This tree might be 125 yrs old. It is just budding out and, as you can see, the graceful appearance of the Elm is projected through its branch structure. The tree would have been planted sometime in the 1880s. You could say it’s seen a lot of history. It’s safe to say it’s seen a more than a few governments come and ago.Now the Elm (Ulmus) thanks to Dutch Elm Disease is a tree in peril. Dutch Elm Disease (while a fungal infection transmitted by insects) is sort of like a flu or cholera epidemic in that a lot of people die, some don't and when they don't nobody knows why. This particular Parkdale tree is a survivor.
Around about the time it was planted, probably by Scots immigrants (it's a non native variety I believe, Ulmus glabra, so an immigrant tree) the Metis and the Cree were stirring things up in Saskatchewan. After some initial victories the rebellion was put down. Louis Riel, a belated Father of Confederation, was hanged. John MacDonald and the Tories were in power. The building of the Transcontinental Railroad, and the judicial killing of M. Riel are to this day active metaphors in the psyche of our nation.
That little Elm tree probably got off to a good start. Parkdale was a village in those days, sort of an independent bedroom community, with lots of posh houses. The Grand Trunk Railroad passed through the Village and if a passenger had business here he would have stayed at the Gladstone Hotel. The train station is gone, but the hotel is still around, newly recovered and gentrified.
In 1889 the Village of Parkdale was subsumed by the City of Toronto. Wilfred Laurier was the Liberal PM. He was our first Quebcois PM and yikes, a Catholic! He sent the troops on a dopey unwinnable military adventure; South Africa and the Boer War. We lost about 224 soldiers in that one. So I guess we’re ahead in the dopey war department with the Afghan lark courtesy of both the Liberals and Conservatives. Now Laurier (like Progressive Conservative Brian Mulroney) was a free trader. It was known as Reciprocity back then. Robert Borden, the leader of the Tories, was the Made in Canada hero.
Parkdale went through some tough times. It wasn’t such a great place to live after The War to end all Wars. There was the birth of the League of Nations, not to be confused with the League of Extraordinary Men but about as memorable. The Roaring Twenties came along. In those days greed was good, sort of like the 1980s. Another War to End All Wars. The war the Commies won unless you watch a lot of Hollywood movies.
In August of 1945 my father was enroute in his Lancaster bomber from Europe to the Pacific theatre of operations. The Yanks dropped the bomb on Nagasaki and it was as bad as the British and Canadian fire bombing of Dresden. My Dad got drunk in Halifax, got de-mobbed in Calgary and married Margaret Mary, raised a family, voted Liberal all his life and believed that technology would save us from ourselves.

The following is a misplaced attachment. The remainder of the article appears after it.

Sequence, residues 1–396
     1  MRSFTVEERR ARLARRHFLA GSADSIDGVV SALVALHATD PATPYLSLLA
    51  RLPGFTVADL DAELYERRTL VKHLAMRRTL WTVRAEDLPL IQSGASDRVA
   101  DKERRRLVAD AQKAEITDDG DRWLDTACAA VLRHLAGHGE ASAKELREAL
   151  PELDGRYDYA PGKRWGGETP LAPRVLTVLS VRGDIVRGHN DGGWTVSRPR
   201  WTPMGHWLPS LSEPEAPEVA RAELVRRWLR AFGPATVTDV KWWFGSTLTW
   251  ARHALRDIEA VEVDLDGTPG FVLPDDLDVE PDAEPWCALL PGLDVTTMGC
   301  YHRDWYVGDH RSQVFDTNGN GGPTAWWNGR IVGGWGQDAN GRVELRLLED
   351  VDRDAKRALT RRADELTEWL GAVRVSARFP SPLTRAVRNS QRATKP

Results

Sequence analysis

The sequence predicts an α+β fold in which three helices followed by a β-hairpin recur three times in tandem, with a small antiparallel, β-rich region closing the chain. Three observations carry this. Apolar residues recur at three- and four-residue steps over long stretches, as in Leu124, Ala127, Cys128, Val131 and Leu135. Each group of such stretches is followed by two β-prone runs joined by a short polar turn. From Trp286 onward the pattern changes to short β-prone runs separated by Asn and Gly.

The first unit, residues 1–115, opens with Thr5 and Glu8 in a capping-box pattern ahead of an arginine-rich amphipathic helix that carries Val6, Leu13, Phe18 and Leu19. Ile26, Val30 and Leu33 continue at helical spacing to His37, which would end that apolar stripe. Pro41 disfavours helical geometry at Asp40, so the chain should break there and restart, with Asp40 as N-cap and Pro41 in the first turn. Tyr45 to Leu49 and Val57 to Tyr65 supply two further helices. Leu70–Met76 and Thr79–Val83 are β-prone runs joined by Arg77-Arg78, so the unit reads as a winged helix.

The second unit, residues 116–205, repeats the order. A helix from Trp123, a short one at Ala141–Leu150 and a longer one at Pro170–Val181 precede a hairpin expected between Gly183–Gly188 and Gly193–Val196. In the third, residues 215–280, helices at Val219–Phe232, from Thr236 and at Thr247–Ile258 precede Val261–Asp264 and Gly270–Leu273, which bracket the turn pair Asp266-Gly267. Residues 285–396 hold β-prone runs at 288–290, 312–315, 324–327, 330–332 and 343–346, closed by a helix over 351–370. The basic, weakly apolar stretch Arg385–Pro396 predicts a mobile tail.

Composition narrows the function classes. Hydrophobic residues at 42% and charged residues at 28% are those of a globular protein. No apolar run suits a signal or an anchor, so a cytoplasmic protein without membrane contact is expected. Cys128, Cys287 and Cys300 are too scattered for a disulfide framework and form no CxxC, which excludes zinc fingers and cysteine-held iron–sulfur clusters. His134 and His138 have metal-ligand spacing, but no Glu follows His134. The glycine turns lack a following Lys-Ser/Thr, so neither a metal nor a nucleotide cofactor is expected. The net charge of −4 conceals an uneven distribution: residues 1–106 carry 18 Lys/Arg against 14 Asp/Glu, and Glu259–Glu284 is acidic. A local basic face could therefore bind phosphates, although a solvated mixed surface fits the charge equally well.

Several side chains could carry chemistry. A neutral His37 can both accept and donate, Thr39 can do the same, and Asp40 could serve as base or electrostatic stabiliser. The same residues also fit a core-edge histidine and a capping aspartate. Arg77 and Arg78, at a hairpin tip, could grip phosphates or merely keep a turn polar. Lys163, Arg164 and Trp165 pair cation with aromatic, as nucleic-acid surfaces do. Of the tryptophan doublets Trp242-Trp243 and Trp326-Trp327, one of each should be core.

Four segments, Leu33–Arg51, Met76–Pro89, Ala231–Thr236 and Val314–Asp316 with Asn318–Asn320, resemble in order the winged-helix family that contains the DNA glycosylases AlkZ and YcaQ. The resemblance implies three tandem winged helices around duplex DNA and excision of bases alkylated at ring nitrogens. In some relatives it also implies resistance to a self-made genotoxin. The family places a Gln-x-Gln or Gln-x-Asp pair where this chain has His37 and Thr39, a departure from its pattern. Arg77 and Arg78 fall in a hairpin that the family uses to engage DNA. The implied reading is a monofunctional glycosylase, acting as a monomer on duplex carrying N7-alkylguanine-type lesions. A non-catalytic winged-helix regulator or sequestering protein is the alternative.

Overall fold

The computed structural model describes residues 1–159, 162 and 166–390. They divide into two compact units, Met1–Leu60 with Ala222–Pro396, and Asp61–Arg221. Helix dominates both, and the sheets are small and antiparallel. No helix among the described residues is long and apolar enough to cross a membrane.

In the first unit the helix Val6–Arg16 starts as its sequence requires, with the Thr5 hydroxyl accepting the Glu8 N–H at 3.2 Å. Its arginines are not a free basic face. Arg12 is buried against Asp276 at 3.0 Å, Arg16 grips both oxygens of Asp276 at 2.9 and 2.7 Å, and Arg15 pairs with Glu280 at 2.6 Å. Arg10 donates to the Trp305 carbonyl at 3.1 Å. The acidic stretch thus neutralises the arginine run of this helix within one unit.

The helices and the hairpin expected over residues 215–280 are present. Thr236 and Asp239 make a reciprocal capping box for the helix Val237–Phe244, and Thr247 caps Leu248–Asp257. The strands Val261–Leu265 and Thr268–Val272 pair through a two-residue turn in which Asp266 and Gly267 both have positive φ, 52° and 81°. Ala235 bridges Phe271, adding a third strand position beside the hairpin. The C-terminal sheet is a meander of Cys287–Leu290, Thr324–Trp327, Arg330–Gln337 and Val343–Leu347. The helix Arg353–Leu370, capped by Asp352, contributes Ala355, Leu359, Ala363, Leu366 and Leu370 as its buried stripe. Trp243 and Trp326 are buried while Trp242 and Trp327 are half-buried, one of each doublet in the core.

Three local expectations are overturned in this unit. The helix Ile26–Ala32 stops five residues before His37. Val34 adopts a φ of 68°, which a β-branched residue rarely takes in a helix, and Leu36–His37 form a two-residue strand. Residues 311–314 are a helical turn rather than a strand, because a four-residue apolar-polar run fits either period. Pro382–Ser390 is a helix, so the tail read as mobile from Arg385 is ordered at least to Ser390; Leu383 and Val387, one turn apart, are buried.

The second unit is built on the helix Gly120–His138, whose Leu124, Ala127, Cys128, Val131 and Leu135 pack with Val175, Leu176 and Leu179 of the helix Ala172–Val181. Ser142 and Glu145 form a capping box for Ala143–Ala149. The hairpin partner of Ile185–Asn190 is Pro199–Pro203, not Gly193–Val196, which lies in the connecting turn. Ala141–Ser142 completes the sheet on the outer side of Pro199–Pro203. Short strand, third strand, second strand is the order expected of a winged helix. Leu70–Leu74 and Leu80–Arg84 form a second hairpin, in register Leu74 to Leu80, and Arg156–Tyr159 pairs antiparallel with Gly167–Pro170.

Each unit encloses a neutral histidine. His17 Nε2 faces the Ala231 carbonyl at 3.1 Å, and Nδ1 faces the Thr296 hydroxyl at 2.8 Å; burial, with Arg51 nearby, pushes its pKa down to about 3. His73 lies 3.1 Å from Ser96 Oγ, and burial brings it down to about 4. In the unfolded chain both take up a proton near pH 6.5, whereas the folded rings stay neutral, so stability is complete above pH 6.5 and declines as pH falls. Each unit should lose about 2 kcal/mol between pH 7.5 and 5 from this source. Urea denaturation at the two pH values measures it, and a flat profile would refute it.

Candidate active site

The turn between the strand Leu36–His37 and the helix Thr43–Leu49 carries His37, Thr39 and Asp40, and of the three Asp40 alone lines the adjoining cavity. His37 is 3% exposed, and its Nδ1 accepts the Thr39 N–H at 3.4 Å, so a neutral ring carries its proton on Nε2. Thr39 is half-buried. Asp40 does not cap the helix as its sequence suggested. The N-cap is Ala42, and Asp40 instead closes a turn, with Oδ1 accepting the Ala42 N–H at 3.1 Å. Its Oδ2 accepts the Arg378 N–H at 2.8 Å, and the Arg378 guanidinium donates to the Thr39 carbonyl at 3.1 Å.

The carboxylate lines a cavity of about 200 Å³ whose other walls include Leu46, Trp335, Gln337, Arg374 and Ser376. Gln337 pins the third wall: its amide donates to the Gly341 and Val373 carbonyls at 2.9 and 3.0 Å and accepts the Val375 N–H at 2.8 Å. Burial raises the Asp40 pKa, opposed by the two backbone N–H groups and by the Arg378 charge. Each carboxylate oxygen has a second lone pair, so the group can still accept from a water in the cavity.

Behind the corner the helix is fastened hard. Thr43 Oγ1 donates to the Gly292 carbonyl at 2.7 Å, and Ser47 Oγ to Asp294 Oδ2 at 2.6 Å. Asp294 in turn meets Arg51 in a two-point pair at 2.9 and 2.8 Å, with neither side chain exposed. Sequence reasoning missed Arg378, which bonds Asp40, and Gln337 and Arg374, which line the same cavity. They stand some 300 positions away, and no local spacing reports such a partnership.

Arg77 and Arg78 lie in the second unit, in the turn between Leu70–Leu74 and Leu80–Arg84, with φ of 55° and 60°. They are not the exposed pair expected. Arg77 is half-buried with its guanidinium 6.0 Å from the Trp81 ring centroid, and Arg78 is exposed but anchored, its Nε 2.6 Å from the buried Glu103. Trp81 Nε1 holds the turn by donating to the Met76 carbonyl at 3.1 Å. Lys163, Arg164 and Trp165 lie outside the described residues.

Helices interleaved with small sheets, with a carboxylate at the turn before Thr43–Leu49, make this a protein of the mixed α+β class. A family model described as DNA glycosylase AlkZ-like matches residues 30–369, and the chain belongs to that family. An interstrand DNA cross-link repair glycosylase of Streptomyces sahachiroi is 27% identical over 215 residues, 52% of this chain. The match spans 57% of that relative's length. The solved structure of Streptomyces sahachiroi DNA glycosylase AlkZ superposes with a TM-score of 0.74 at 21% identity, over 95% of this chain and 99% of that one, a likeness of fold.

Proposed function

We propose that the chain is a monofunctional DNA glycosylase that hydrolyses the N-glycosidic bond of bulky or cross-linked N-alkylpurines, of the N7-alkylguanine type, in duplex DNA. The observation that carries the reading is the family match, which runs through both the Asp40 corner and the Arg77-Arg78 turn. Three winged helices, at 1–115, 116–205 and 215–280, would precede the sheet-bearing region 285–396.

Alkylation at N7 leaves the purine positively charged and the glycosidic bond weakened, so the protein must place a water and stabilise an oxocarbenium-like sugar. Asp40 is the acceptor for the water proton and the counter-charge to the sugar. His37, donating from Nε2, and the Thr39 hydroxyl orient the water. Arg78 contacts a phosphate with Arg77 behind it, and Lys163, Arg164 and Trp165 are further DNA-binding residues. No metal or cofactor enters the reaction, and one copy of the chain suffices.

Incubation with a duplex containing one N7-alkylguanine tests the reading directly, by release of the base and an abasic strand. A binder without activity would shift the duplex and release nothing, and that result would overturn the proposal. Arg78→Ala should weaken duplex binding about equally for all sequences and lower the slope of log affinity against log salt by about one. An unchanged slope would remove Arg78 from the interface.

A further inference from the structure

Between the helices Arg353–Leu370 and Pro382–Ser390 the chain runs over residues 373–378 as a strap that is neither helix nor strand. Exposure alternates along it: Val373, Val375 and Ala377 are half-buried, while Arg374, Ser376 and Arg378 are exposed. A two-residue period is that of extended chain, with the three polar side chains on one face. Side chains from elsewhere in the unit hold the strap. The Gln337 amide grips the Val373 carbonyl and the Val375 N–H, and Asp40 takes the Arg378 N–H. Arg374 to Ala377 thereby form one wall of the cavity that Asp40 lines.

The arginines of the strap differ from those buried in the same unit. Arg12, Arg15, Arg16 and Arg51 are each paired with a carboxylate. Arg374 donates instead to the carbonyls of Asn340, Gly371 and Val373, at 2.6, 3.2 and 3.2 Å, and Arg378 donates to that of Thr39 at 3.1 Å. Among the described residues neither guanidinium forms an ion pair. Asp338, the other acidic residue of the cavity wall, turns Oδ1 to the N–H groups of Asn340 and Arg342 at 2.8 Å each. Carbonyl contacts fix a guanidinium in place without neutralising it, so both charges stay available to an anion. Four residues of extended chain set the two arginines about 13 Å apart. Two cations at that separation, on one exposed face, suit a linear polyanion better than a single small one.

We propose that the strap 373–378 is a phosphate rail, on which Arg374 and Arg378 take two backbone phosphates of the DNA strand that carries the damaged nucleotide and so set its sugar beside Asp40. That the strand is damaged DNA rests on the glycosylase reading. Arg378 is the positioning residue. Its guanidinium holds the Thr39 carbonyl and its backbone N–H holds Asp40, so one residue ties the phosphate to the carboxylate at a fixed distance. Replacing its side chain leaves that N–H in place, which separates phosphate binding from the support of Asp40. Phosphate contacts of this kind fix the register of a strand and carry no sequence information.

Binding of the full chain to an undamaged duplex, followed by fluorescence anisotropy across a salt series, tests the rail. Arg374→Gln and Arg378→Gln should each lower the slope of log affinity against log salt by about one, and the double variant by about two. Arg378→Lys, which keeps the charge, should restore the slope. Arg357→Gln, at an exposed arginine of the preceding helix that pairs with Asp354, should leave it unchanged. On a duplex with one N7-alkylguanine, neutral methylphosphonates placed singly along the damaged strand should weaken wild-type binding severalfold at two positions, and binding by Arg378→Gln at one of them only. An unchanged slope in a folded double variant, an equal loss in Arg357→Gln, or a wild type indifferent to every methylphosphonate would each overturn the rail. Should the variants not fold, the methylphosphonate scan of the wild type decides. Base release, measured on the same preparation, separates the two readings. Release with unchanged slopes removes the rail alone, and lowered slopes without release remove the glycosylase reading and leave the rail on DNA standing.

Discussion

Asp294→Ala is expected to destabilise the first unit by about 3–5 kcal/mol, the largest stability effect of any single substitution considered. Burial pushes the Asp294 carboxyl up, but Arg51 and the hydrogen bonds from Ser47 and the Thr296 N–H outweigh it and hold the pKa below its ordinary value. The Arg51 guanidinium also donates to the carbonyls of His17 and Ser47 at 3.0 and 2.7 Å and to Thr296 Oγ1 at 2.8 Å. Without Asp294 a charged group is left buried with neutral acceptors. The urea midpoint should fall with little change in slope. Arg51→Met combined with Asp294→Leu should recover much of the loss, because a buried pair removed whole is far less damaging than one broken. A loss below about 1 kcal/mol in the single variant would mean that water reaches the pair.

Our little tree by then was a big vital specimen, easily towering over the houses. Saskatchewan was making some noise again. Tommy Douglas put an end to outhouses. He also went up against the Doctors. The Doctors threatened to move to Las Vegas or Reno. Tommy stared them down and went on to become the greatest Canadian.
I voted for the NDP candidate Peggy Nash, who, as Joe Fiorito pointed out, showed up to all the Parkdalian meetings. In the last provincial election I voted for the NDP candidate Cheri di Novo. I last saw Ms. di Novo at the the George Wass memorial. I believe Ms. Nash and Ms. di Novo want what is best for Parkdale, for the Province and for the Nation. My difficulty is that I'm not sure they or their Party have a handle on the main problem..
The Greens have mushroomed to one seat in the House of Commons and continued irrelevance. One has only imagine a room full of decapitated chickens to get a sense of things going down at Liberal and Bloc Headquarters. No help there. My sense is that we don't have decades but years to solve our main problem. So?
The real story for me is this Elm tree; this great and lovely survivor, a benevolent witnesses to our neighbourhood’s and our nation’s journey. To me the Elm is, like the Nation, bigger than Stephen Harper and his obese local toady, Rob Ford. I worry about this particular Elm.
I've read that some of these magnificent trees live 500 yrs. It seems to me this tree, at 125 or thereabouts is old. This once mighty Elm has become old, perhaps before its time, and it seems ever so vulnerable. I worry that it will become, like the railroad and a dangling Louis Riel, a powerful image of our Nation.
I worry that this old and vulnerable Elm is to become the last image of us, a defining metaphor, perhaps a cell phone movie on You Tube, the final blurred, shaky images, the chipper truck and its chain saws parked on Elm Grove Ave, orange safety cones, reams of yellow caution tape jumping in the wind as the dead limbs fall.
That's the Main Problem.
# 7: A Parkdale Walk:http://www.treetours.to/
Doom and Gloom: re the Main Problem